Safe Haven Review

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Safe Haven Movie Poster

I wish that I had a winning formula for anything — perhaps video game design or writing — that would produce money at a regular rate with different versions of that same formula. Nicholas Sparks seems to have a knack for writing romantic dramas that get turned into movies starring pretty actors kissing in the rain. Some of these films are actually quite good. I really liked The Notebook and would have liked Dear John better without Channing Tatum. Safe Haven follows the same Sparks formula of strangers falling for each other and overcoming odds to maintain the romance, but I felt cheated at the end with an unnecessary twist that I promise not to ruin for you.

Director Lasse Hallstrom previously directed Dear John and more recently Salmon Fishing in the Yemen. Writers Leslie Bohem (cowriter of The Alamo) and Dana Stevens (writer of For Love of the Game) adapt the Sparks novel and probably did a fine job of that because the resultant movie has that right blend of romance and drama that works well. If there’s any fault at all with the plot and final film, I’d bet that it’s not a result of anything that the filmmakers did. Sparks might have just pushed his formula a bit too much this time.

The story is actually pretty simple, so the energy comes from the slow-burning romance. Katie (Julianne Hough) runs away from a bad situation in Boston as a brunette and emerges from a bus in Southport, North Carolina, as a blonde. She kind of likes the ocean and boats, so she decides to stay. She’s already caught the eye of general store owner Alex (Josh Duhamel), a widower with standoffish son Josh (Noah Lomax) and adorable daughter Lexie (Mimi Kirkland). Alex works the store with Roger (Red West), and something lights up inside him when Katie gets a job at the local restaurant and rents a remote house in the woods. Katie doesn’t let on what drove her away from Boston, but a police detective named Tierney (David Lyons of The Cape and Revolution) does everything in his power to find her. Neighbor Jo (Cobie Smulders) is happy that Katie has moved in down the dirt path from her and visits her every now and then.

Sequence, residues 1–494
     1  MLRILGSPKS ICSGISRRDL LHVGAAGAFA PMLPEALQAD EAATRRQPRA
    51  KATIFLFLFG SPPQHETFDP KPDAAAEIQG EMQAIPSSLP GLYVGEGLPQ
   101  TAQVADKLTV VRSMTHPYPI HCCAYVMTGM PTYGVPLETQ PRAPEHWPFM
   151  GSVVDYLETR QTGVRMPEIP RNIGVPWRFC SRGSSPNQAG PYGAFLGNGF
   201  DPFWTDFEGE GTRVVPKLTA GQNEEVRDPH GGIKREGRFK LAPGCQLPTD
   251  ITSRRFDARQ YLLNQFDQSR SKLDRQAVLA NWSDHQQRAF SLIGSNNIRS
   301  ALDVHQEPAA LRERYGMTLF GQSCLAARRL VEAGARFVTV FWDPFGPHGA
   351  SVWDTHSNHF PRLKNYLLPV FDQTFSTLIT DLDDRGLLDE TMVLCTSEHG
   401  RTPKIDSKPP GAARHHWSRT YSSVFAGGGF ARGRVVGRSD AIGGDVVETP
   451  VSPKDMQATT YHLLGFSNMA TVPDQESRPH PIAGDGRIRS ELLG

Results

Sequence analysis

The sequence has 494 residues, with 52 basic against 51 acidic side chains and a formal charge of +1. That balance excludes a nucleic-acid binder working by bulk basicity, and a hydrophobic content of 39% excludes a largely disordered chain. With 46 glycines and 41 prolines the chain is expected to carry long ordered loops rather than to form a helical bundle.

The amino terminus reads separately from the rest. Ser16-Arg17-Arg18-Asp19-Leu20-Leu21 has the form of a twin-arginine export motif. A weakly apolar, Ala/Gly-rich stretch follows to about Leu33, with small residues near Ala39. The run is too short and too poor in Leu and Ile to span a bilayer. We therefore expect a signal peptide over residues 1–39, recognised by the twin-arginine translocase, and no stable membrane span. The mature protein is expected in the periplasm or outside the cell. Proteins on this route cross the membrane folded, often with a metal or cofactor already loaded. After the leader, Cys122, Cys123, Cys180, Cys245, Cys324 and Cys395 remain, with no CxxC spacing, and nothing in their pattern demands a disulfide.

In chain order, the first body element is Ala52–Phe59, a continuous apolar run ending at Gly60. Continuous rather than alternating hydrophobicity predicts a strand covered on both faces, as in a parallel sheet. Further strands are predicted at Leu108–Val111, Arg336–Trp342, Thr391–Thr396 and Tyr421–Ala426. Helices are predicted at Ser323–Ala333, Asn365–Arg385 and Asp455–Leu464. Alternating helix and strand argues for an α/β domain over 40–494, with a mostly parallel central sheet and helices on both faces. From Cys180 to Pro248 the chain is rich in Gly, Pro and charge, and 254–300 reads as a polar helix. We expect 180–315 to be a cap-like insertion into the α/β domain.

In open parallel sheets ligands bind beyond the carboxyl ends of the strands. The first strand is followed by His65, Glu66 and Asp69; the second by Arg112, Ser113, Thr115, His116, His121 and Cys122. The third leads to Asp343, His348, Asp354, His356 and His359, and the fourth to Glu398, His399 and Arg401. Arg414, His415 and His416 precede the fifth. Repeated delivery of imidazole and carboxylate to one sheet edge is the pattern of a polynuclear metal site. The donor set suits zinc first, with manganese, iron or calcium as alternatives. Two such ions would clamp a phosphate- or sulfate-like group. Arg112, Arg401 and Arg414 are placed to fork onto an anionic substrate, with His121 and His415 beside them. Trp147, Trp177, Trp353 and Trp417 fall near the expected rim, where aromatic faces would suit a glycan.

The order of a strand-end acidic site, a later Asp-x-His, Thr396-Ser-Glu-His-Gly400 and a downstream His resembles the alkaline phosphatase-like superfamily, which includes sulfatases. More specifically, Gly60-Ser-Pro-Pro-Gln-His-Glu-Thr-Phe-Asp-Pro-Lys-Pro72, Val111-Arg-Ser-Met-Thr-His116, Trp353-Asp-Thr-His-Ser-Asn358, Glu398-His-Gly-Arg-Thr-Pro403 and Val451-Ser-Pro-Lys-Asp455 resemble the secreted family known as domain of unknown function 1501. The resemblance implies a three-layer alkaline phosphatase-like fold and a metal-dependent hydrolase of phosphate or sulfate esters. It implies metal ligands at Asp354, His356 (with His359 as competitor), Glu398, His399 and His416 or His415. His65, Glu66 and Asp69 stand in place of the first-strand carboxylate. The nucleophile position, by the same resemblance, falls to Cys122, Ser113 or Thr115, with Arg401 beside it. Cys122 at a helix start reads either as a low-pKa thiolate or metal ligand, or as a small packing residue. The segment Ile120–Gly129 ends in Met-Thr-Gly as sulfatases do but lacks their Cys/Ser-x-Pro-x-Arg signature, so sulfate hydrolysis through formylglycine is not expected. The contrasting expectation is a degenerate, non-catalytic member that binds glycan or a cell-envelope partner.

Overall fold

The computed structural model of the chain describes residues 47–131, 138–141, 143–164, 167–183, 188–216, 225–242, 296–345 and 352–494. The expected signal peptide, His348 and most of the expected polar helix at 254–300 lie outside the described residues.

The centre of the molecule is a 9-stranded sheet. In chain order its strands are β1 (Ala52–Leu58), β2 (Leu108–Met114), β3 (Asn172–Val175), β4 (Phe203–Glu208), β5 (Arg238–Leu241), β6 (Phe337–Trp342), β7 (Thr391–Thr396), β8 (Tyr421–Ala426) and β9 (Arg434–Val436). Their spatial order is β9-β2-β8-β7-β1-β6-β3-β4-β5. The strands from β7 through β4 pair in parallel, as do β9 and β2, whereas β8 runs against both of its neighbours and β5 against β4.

Films like this only work if there are sparks — pun fully intended — between its leads. Hough is much easier to take here than in that awful Rock of Ages where she sang like a chipmunk. Duhamel fits his role nicely, so the awkward moments between Katie and Alex that lead to the eventual kissing and wide smiles are believable and cute. Kirkland steals every scene she’s in, so she’s perfectly cast. I didn’t think that Lyons was effective here. His detective is more committed and misguided than Javert in Les Miserables, so he turns into a caricature. In fact, a cape and a twirly moustache would complete the physical transformation into a cartoon villain. Nevertheless, this film is about the journey, and it takes its momentum and cues from its Southern location and the sleepy seaside town.

The music and songs on the soundtrack don’t distract as much as I expected they would. The story serves as the focus, and this is a good date movie for all but the most hard-hearted. There are some wonderful shots near the ocean and a scene where Katie and Alex take a canoe down a river that looks like it’s from a painting. Romance abounds, and the final third of the film really puts it to the test as the truth behind Katie’s past emerges on the Fourth of July. Safe Haven works on its own without the silly twist to try to evoke tears. Some people will like it, but I would have preferred this film stirred not shaken.

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